The Act provides that the liability of a shipowner for damages arising from a maritime accident which occurs “without the privity or knowledge of such owner” shall not exceed the value of the vessel and its freight. 46 U.S.C. App. § 183(a). Section 186 of the Act extends the right of limitation to “the charterer of any vessel in case he shall man, victual and navigate such vessel at his own expense or by his own procurement.” Petitioners’ complaint alleges that ACBL was the charterer of the barge and therefore claims the benefit of § 186.
The Act was originally enacted in 1851. Norwich Co. v. Wright, 80 U.S. (13 Wall.) 104 (1871). The Act was intended to protect and foster the Nation’s commercial shipping industry. As the Supreme Court explained:
The great object of the law was to encourage ship-building and to induce capitalists to invest money in this branch of industry. Unless they can be induced to do so, the shipping interests of this country must flag and decline. Those who are willing to manage and work ships are generally unable to build and fit them. They have plenty of hardiness and personal daring and enterprise, but they have little capital. On the other hand, those who have capital, and invest it in ships, incur a very large risk in exposing their property to the interests of the sea, and to the management of seafaring men, without making them liable for additional losses and damages to an indefinite amount. How many enterprises in mining, manufacturing, and internal improvements would be utterly impracticable if capitalists were not encouraged to invest in them through corporate institutions by which they are exempt from personal liability, or from liability except to a limited extent? The public interests require the investment of capital in shipbuilding, quite as much as in any of these enterprises.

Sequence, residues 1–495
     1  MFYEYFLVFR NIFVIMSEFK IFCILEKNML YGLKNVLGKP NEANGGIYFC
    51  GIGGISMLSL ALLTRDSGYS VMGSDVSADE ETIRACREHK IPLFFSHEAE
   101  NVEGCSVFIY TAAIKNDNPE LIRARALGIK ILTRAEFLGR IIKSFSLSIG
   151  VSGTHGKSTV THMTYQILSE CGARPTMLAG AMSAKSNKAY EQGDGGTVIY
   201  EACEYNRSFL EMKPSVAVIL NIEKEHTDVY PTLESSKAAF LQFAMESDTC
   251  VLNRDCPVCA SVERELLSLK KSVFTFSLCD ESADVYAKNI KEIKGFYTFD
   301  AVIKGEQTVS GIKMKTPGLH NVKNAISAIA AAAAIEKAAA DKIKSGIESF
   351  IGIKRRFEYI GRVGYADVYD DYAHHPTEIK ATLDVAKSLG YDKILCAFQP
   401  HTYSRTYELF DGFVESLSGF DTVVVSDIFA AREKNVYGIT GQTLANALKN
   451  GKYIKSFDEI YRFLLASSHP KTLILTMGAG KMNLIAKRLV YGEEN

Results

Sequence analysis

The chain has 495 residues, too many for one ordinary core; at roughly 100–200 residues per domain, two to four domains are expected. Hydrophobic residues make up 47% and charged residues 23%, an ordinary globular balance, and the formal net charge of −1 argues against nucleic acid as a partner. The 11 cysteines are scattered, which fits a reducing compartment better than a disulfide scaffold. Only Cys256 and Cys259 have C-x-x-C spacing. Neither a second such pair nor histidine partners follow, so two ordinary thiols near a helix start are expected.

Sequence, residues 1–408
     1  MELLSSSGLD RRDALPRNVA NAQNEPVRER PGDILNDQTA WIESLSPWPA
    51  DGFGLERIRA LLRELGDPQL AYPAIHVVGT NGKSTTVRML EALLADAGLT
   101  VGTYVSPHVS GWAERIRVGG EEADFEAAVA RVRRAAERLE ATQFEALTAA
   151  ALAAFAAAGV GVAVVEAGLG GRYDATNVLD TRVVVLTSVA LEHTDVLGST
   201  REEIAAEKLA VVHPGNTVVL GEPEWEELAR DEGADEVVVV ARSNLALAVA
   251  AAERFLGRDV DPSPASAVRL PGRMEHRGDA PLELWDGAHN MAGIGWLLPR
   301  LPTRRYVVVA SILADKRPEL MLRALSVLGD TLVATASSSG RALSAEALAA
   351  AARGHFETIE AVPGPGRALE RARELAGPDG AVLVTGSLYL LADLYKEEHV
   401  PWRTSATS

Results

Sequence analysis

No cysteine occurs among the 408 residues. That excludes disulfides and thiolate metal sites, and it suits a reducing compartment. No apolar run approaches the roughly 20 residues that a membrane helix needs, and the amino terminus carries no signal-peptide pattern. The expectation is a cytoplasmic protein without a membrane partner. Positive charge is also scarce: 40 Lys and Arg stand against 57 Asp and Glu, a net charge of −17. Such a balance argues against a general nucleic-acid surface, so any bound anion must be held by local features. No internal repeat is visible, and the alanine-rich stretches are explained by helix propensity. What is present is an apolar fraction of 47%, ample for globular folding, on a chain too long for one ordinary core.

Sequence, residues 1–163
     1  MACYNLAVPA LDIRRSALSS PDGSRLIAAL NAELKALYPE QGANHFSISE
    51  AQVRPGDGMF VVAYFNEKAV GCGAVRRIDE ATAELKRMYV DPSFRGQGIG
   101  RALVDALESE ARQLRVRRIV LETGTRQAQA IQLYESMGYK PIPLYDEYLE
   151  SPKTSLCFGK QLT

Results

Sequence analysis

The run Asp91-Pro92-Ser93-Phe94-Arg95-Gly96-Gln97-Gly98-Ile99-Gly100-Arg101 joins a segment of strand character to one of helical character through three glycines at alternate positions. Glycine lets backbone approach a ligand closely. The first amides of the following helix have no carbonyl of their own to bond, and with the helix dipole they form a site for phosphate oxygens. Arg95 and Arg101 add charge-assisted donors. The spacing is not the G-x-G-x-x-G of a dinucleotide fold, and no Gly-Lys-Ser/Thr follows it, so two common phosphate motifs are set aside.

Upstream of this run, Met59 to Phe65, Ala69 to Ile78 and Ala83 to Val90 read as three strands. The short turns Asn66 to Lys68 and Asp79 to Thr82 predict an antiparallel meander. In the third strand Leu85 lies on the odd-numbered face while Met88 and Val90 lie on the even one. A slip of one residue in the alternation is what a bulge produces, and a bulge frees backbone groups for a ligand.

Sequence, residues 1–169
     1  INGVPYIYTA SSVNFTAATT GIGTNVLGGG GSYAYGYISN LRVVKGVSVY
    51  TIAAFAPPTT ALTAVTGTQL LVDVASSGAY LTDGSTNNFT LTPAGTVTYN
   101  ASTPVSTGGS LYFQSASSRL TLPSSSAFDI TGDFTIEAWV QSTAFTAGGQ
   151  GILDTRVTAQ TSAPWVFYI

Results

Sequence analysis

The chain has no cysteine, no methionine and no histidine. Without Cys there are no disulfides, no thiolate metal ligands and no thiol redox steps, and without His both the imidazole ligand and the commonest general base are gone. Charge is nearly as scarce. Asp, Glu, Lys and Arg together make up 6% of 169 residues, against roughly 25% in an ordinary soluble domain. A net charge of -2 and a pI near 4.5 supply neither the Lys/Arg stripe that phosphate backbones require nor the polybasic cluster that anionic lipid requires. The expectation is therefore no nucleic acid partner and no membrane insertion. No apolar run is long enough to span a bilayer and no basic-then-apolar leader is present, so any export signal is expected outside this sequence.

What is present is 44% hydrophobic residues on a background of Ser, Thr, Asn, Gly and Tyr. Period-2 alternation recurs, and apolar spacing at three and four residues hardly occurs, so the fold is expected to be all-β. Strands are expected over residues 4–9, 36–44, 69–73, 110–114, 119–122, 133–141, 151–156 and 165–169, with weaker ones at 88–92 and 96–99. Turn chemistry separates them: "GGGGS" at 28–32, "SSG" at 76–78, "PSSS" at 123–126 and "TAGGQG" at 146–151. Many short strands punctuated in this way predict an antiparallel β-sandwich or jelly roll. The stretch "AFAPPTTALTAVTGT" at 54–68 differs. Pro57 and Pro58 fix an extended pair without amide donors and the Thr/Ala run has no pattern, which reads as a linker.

Norwich, 80 U.S. at 121. It has been recognized that the Act’s original purpose has long since become obsolete, see Maryland Casualty Co. v. Cushing, 347 U.S. 409, 437 (1954) (Black, J., dissenting), but the statute nonetheless remains on the books.